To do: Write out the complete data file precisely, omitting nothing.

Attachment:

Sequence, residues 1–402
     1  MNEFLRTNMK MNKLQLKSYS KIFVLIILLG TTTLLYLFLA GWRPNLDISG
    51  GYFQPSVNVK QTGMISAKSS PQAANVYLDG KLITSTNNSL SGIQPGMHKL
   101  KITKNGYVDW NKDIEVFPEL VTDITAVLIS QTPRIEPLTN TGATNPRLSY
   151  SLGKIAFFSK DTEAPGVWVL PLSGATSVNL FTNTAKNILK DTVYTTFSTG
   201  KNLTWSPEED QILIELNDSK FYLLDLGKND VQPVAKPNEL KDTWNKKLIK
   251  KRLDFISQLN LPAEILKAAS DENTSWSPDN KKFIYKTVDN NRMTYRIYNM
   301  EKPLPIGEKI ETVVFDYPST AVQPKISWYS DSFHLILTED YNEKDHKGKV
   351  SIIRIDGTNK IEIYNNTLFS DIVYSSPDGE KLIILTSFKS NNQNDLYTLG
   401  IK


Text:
Sequence, residues 1–402
     1  MNEFLRTNMK MNKLQLKSYS KIFVLIILLG TTTLLYLFLA GWRPNLDISG
    51  GYFQPSVNVK QTGMISAKSS PQAANVYLDG KLITSTNNSL SGIQPGMHKL
   101  KITKNGYVDW NKDIEVFPEL VTDITAVLIS QTPRIEPLTN TGATNPRLSY
   151  SLGKIAFFSK DTEAPGVWVL PLSGATSVNL FTNTAKNILK DTVYTTFSTG
   201  KNLTWSPEED QILIELNDSK FYLLDLGKND VQPVAKPNEL KDTWNKKLIK
   251  KRLDFISQLN LPAEILKAAS DENTSWSPDN KKFIYKTVDN NRMTYRIYNM
   301  EKPLPIGEKI ETVVFDYPST AVQPKISWYS DSFHLILTED YNEKDHKGKV
   351  SIIRIDGTNK IEIYNNTLFS DIVYSSPDGE KLIILTSFKS NNQNDLYTLG
   401  IK